363-1136-00L  Dynamic Macroeconomics, Innovation and Growth

SemesterAutumn Semester 2021
LecturersH. Gersbach
Periodicityyearly recurring course
Language of instructionEnglish
CommentStudents who have successfully completed the course "Dynamic Macroeconomics" (364-0559-00L) or
"Economics of Innovation and Growth" (363-0562-01L) can not register for this course.


AbstractIntroducing dynamic models and workhorses in macroeconomics, understanding the role of innovation and institutions for economic development and discussing policies to foster innovation and economic growth, with a perspective on how digitization and artificial intelligence will affect our economies.
ObjectiveAfter the course, students will be familiar with dynamic general equilibrium theory and the basic workhorses in macroeconomics. Participants will be able to speak the Arrow-Debreu and recursive language and apply the frameworks to interesting issues, such as innovation and growth. Moreover, students will understand how the world has developed over the last centuries and the proximate and fundamental causes of innovation and economic growth. Students will understand and apply the basic models of economic growth and will be able to identify policies to foster innovation and growth and to reduce the large wealth differences in the world. Finally, they understand how digitization and artificial intelligence will drive the economies.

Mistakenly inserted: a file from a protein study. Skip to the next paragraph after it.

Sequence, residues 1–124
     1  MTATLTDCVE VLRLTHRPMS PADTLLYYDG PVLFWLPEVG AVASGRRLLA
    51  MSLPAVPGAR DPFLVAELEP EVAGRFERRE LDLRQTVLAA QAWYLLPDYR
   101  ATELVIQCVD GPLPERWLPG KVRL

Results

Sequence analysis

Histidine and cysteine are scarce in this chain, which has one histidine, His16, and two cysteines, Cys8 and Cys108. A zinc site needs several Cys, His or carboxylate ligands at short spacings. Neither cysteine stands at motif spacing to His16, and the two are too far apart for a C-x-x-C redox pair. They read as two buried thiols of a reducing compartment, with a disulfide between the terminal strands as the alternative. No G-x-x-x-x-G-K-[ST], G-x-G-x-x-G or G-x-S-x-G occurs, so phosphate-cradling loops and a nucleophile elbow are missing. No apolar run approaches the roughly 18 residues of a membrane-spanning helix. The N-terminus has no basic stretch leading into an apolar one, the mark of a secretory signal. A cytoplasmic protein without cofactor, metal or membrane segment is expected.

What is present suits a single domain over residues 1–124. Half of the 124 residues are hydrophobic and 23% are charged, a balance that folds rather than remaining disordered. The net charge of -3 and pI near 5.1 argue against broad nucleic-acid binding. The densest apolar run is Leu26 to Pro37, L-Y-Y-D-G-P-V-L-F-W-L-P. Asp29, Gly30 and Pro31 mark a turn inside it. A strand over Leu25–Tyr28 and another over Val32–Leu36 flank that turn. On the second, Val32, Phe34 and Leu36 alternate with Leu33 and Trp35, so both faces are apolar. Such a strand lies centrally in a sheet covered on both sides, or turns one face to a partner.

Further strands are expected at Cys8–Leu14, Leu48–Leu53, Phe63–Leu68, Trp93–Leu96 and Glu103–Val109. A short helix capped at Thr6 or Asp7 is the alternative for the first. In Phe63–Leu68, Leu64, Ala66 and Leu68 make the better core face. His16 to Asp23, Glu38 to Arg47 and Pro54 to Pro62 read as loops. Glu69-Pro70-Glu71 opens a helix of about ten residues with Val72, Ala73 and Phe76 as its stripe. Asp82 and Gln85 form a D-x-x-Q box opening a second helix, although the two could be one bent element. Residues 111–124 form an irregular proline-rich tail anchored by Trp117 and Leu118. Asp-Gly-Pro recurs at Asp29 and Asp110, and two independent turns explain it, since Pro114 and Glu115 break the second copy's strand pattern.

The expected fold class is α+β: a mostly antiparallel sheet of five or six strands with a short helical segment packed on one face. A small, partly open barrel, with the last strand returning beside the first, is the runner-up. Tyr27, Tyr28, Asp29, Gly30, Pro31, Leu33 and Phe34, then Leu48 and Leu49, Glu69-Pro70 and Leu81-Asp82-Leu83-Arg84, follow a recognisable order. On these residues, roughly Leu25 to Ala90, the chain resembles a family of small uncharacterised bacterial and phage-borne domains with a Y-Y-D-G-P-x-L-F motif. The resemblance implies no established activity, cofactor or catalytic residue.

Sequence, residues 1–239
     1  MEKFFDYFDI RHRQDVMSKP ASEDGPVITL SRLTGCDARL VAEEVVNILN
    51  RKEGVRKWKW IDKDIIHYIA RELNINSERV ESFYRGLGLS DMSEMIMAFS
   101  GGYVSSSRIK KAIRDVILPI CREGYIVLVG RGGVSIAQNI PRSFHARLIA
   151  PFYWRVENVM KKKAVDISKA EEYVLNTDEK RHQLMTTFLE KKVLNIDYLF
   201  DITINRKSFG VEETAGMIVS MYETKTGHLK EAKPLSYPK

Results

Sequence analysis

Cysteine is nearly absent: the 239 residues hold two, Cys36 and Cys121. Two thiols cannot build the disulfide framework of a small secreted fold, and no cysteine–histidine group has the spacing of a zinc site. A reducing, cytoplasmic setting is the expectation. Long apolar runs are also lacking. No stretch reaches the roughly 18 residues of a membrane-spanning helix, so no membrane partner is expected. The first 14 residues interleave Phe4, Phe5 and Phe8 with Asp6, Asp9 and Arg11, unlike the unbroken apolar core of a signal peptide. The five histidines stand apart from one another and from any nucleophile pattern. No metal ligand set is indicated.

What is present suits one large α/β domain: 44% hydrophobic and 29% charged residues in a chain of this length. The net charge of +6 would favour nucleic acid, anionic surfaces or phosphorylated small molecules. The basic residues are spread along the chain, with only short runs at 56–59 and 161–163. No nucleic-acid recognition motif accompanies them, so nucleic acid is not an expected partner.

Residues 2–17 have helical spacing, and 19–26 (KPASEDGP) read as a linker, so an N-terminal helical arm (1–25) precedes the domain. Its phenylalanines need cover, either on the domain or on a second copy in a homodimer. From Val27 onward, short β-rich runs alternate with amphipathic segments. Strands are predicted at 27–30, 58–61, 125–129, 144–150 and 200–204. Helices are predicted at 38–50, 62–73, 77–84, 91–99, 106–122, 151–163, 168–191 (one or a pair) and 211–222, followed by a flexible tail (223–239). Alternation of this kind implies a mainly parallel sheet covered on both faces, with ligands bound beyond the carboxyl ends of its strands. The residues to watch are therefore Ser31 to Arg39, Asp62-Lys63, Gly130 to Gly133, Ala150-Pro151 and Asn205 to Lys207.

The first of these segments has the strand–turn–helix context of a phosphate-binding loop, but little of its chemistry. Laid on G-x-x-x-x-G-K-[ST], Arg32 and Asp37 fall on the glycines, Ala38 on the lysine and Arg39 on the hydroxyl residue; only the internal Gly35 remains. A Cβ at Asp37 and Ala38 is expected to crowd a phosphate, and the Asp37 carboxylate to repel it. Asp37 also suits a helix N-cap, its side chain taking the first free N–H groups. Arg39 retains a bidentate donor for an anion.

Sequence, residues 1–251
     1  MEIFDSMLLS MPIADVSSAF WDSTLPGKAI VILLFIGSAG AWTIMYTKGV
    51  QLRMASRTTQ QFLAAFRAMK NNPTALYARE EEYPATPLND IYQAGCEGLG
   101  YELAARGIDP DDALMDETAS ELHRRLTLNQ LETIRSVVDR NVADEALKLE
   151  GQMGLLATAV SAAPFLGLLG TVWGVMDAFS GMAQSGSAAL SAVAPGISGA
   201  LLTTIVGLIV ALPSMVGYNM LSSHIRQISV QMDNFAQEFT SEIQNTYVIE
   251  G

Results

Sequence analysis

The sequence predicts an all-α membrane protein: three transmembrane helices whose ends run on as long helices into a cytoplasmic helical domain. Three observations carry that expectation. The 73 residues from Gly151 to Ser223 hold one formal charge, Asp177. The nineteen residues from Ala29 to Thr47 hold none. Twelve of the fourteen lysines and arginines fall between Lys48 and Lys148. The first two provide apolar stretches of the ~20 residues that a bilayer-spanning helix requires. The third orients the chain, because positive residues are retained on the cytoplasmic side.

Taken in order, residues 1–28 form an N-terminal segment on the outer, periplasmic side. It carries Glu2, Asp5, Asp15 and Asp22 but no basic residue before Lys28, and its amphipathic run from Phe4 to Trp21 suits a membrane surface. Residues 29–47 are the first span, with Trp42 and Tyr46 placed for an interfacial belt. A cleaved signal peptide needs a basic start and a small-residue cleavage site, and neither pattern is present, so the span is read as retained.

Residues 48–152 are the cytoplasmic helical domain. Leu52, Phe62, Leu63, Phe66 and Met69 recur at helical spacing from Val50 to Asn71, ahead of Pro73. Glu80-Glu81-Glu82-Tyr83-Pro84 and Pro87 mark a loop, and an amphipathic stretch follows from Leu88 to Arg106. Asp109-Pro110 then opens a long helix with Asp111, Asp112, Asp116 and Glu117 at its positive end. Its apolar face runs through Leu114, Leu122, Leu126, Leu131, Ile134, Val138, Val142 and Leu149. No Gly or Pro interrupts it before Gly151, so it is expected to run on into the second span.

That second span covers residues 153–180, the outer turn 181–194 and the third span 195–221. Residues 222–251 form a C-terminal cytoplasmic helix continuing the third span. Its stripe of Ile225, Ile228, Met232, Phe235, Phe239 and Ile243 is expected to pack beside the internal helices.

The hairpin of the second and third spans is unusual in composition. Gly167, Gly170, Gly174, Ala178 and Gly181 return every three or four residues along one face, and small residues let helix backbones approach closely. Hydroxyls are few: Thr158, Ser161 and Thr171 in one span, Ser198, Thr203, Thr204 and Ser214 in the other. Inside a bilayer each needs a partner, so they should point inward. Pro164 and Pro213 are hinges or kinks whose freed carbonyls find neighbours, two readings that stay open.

Content1. Introduction

2. The Arrow-Debreu Approach and Sequential Markets

3. The Neoclassical Growth Model and the Representative Agent Model (with Mathematical Background)

4. Technological Progress and how the World has developed

5. Innovations and Growth (New Growth Theory)

6. Growth Policies and Fundamental Causes for Growth

7. Digitization and Artificial Intelligence
Literature1. Acemoglu, D. (2009): Introduction to Modern Economic Growth. Princeton University Press, Cambridge MA.

2. Stokey, N. and Lucas, R. (1989): Recursive Methods in Economic Dynamics. Harvard University Press, Cambridge, Massachusetts, United States and London, England.

3. Ljungqvist, L. and Sargent, T. (2004): Recursive Macroeconomic Theory, MIT Press, Cambridge, Massachusetts, United States and London, England.

4. Barro, R.J. and X. Sala-i-Martin (2004): Economic Growth. MIT Press.

5. Aghion P. and P. Howitt (1998): Endogenous Growth Theory. MIT Press.

6. Aghion P. and S. Durlauf (eds. 2005): Handbook of Economic Growth. Elsevier, chapter 6.

7. Romer, D. (2001): Advanced Macroeconomics. McGraw-Hill.

8. Bretschger, L. (1999): Growth Theory and Sustainable Development. Edward Elgar.

9. Romer, P. (1990): Endogenous Technological Change, Journal of Political Economy, Vol. 98(5).

10. Aghion, P. and P. Howitt (1992):A Model of Endogenous Growth through Creative Destruction. Econometrica, Vol. 60(2).

11. Lucas, R. (1988): On the Mechanics of Economic Development, Journal of Monetary Economics, Vol. 22.

12. Rebelo, S. (1991): Long-Run Policy Analysis and Long-Run Growth. Journal of Political Economy, Vol. 99(3).

13. Piketty, T. (2014): Capital in the Tewnty-First Century. Harvard University Press, Cambridge, MA.

14. Current Literature on Digitization and Artificial Intelligence
Prerequisites / NoticeStudents who have successfully completed the course "Dynamic Macroeconomics" (364-0559-00L) or "Economics of Innovation and Growth" (363-0562-01L) can not register for this course.